UD #47: Wine Tasting for the Ears

UD #47: Wine Tasting for the Ears

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Wine Tasting for the Ears (UD #47) from Ukulele in the Dark w/ Guido Heistek This week’s photo is from Drinks of the World by James Mew and John Ashton, 1892 SOURCE: openclipart.org “I don’t understand how musicians can hear a song and then be able to play it. How do you do that?” It’s really tough for me to answer a question like this. When I was young and learning to play guitar I was lucky enough to discover that the notes I heard on recordings were “findable” somewhere on my guitar. I loved to work away at learning   …Continue Reading


UD #46 Stopping and Starting: Building Fluidity

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Stopping and Starting: Building Fluidity (UD #46) from Ukulele in the Dark w/ Guido Heistek “I have some pieces that I know quite well but I can’t seem to play them smoothly. Especially in front of an audience. How can I work on that?” I want to share with you two approaches to practicing that I feel help with fluidity in playing. You can try one or both of these exercises. They work with any level of piece, from picking the melody of Mary Had a Little Lamb to a sophisticated solo chord melody arrangement. Remember you’ll only find out   …Continue Reading


UD #45 What do the Sevens Mean?

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UD#45: What do the SEVENS mean? from Ukulele in the Dark w/ Guido Heistek A student asked me an interesting question in class the other day: “What makes jazz different from other types of music?” This is a very tough question to answer but one potential answer did pop into mind: “Jazz music tends to use 7th chords (ex. Cm7, C7, Fmaj7) as opposed to triads or three note chords (ex.  Cm, F, Bbm).” What’s a seventh chord? A seventh chord is a kind of four note chord. As we learned in http://ukuleleinthedark.com/ud-13-ukulele-music-theory-abacus-ii chords are built from scales. If we   …Continue Reading


UD #44 The Case of the Mystery Chord

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UD #44 The Case of the Mystery Chord: The Minor IVfrom Ukulele in the Dark w/ Guido Heistek In UD #17 and UD #18 we looked at diatonic chords and how they help us to figure out songs by ear. Diatonic chords are the family of chords that are created out of the notes from the key the song is in. Once you figure out what key the song is inthe diatonic chords from that key are a good place to start when trying to figure out the chords by ear. There are many songs that use exclusively diatonic chords.   …Continue Reading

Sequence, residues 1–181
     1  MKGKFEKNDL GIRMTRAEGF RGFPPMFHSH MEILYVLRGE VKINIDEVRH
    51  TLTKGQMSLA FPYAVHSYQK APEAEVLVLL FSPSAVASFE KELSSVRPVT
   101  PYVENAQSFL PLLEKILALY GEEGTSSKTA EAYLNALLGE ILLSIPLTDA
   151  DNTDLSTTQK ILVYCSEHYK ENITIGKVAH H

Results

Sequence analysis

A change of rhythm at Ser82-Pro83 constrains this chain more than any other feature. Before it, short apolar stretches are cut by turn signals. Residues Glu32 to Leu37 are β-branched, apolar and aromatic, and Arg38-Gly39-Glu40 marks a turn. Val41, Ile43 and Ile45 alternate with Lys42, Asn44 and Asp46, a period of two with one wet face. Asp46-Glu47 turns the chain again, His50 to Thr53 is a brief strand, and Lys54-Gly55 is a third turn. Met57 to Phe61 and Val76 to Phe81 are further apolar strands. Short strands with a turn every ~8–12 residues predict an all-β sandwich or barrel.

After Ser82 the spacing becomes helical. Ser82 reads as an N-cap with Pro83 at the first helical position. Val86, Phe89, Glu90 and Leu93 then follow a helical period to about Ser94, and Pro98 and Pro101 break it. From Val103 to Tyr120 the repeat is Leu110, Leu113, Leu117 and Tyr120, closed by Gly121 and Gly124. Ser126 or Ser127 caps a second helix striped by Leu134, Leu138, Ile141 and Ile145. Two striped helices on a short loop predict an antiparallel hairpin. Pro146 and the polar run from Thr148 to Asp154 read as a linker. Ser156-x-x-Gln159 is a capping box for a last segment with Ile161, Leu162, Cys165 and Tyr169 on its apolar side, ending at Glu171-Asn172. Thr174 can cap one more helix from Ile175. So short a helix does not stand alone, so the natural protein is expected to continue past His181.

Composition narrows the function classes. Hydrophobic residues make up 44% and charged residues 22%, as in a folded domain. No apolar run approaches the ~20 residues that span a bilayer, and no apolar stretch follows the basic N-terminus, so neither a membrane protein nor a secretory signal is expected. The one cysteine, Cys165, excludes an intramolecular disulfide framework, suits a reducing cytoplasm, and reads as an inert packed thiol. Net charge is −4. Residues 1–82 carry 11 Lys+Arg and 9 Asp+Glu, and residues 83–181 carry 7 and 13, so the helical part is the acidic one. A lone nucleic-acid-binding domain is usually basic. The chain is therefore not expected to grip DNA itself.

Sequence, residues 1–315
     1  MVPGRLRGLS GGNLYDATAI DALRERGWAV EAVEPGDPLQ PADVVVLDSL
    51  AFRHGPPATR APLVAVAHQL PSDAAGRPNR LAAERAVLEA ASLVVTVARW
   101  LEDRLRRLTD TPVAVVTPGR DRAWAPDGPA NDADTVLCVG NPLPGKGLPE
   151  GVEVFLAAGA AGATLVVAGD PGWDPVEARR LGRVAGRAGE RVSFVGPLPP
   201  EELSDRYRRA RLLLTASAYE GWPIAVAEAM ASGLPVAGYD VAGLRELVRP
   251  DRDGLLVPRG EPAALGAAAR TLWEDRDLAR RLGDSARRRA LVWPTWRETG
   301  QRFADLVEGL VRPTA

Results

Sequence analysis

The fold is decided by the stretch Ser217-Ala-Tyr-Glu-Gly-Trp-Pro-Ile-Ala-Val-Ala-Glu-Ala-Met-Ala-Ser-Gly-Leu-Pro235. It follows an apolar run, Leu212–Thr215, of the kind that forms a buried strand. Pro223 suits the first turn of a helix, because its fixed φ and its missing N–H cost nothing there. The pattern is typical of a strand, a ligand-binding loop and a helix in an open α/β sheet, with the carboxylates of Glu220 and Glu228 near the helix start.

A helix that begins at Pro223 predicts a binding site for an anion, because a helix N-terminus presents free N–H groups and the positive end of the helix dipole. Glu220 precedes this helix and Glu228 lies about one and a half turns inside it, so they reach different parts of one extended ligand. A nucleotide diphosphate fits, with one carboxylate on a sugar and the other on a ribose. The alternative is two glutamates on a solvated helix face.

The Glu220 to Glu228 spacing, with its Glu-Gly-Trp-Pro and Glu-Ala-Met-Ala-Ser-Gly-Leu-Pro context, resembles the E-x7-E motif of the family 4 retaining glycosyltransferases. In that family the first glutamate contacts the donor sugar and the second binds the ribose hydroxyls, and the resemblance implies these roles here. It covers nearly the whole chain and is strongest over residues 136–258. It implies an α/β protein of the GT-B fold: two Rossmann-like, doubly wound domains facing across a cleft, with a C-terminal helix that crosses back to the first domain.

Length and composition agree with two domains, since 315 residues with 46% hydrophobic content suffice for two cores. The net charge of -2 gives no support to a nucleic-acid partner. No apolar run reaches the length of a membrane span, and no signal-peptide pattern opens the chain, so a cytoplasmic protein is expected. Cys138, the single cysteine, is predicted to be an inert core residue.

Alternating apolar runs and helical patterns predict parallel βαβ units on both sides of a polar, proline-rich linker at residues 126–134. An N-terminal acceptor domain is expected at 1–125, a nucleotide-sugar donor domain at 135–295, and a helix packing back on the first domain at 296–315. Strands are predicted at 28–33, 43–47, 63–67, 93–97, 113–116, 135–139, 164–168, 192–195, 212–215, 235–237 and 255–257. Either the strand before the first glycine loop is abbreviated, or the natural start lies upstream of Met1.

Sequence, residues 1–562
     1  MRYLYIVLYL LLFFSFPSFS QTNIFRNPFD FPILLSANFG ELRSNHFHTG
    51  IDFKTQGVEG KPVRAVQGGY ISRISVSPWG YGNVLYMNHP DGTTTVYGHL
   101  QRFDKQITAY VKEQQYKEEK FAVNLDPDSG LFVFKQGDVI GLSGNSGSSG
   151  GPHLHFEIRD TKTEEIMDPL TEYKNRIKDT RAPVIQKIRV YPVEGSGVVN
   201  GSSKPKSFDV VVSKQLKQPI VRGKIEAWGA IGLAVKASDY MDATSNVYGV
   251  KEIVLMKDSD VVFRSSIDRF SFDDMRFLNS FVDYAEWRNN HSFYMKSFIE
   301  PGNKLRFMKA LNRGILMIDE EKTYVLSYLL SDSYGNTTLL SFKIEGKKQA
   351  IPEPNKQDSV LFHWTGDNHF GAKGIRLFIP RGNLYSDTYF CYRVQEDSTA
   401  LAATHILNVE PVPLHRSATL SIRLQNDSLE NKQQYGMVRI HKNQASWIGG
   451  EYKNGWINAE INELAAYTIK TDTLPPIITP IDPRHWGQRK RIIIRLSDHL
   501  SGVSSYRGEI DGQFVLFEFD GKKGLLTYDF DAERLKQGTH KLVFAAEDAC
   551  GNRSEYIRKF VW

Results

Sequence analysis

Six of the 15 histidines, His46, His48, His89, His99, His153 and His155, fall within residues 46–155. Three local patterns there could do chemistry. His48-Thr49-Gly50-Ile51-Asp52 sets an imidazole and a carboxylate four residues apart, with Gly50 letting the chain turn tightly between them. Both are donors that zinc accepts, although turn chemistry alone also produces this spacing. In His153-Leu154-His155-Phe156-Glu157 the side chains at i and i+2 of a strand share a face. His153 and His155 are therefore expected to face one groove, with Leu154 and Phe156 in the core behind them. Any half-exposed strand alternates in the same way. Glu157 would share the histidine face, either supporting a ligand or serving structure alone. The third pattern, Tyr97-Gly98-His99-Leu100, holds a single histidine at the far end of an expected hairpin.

UD #43 Another Round?

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UD #43 Another Round? from Ukulele in the Dark w/ Guido Heistek Learn a beautiful new round to play and sing with your ukulele group! In UD #32 we talked about rounds. I introduced “Jubilate Deo” a beautiful 12 bar round. It was so wildly popular that I’ve been on the look out for a follow up ever since. Happily, one of my students at Ruby’s Ukes introduced me to this gorgeous round, Dona Nobis Pacem. If you are not familiar with musical rounds, please go take a peek at UD #32 and come right back. Here is a recording   …Continue Reading


UD#42 Sus Chords: Got a Spare FInger?

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UD #42 Sus Chords: Got a Spare Finger? from Ukulele in the Dark w/ Guido Heistek I remember being excited by sus chords when I was a kid. Still am! Sometimes there are long periods in a song that only have one chord. Sus or suspended chords are one of the tools players use to add tension and release without changing chords. Here is a little exploration of the most common kind of suspended chord: the sus 4 chord. Hope you enjoy it. The first suspended chord I learned was on the guitar: the mighty Dsus4. On the uke this   …Continue Reading


UD #41 Chromatic Wrap-up

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UD #41 CHROMATIC Wrap-up Ukulele in the Dark with Guido Heistek Use the chromatic scale to: CREATE SCALES, MOVE CHORDS UP THE NECK, LEARN THE FRETBOARD AND MORE! I ended off my last news letter with a list of uses for the chromatic scale. Here is a little expansion on each point and answers to the questions associated with each point. (Please check out last week’s newsletter if you haven’t read it: http://ukuleleinthedark.com/ud-40-chromatic-walk-in-the-park/) 1. Movable chord shapes  Question: How many frets up the neck do I need to move a C chord for it to become an F chord? Thus   …Continue Reading